Now, Selena is celebrating her final steps at CALS: graduation.
A former factory worker from Sampson County, oldest of 11 siblings and the first in her family to attend college, Selena worked her way through the Agricultural Institute. She was then accepted to the four-year Animal Science degree program at CALS. She graduates this week.
The odds against Selena were steep. First-generation college students are less likely than their continuing-generation peers to persist through the first couple years of college, according to the U.S. Department of Education — and in one study, only 17 percent had attained a bachelor’s degree eight years after high school graduation.
Her final few weeks at CALS were filled with deadlines and final exams, but she already knew where she was going next: Charles River Laboratories in Raleigh offered her a job as a seasonal animal technician, with the chance to be hired full-time after February. She started part-time before finals were finished.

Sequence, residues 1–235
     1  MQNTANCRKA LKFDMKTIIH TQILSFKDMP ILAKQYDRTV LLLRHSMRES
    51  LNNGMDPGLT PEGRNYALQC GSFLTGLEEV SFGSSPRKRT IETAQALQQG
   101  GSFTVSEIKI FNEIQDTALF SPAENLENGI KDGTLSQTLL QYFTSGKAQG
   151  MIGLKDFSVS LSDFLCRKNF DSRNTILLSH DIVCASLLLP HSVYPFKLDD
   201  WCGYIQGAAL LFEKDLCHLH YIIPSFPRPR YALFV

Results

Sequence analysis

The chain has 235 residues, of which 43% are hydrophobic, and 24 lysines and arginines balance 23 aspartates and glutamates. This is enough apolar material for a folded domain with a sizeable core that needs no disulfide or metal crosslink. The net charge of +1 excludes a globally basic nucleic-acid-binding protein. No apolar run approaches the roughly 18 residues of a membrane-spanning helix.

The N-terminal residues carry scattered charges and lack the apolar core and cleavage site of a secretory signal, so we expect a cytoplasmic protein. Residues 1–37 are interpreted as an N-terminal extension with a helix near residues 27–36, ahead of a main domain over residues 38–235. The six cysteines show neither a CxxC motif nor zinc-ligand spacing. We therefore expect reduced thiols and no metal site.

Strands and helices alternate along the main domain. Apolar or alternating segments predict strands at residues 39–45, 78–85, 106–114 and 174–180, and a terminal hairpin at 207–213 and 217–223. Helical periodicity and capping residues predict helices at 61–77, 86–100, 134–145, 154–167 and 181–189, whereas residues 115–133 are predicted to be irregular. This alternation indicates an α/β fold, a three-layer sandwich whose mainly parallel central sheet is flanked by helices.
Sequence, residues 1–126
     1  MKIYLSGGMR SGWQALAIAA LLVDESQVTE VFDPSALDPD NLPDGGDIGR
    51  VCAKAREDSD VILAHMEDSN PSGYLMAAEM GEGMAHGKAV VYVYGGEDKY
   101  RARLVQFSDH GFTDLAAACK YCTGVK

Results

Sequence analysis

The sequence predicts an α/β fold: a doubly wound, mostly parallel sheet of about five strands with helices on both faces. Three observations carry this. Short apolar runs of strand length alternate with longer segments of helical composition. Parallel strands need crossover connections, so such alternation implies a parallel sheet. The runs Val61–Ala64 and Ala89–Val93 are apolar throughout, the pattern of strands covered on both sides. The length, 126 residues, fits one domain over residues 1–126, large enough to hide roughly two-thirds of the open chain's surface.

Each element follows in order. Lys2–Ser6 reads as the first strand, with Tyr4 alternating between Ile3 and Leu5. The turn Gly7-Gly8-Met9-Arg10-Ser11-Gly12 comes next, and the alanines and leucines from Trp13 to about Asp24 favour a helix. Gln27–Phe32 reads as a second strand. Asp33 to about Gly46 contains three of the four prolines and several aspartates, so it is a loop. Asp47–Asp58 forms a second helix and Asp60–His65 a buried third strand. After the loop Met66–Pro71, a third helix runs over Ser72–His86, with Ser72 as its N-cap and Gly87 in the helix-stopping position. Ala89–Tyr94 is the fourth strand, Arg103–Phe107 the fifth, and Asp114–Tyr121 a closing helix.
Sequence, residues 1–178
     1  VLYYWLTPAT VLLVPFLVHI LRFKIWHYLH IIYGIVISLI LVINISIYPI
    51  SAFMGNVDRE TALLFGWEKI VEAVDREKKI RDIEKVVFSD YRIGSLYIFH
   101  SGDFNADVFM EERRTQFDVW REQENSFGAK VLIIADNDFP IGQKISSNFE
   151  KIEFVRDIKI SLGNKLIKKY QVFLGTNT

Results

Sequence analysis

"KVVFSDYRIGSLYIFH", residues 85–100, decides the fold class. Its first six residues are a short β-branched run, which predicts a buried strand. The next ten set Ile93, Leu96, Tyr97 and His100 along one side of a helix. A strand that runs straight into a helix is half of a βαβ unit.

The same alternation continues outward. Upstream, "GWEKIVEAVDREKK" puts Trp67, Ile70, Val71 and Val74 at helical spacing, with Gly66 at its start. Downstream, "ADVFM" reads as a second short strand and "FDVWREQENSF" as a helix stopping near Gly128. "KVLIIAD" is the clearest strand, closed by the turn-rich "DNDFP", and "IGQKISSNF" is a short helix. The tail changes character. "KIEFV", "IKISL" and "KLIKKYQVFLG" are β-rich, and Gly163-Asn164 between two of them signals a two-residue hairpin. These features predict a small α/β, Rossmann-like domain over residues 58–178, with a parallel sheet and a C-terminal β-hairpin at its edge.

“I wanted to start working as soon as I could,” she said.
Her advice to other students in her shoes? Don’t be afraid to ask for directions.
“Reach out,” she says. “It’s important to realize that education is so valuable but that the system can be complicated, and you have to ask somebody who’s in the field.”
This post was originally published in College of Agriculture and Life Sciences News.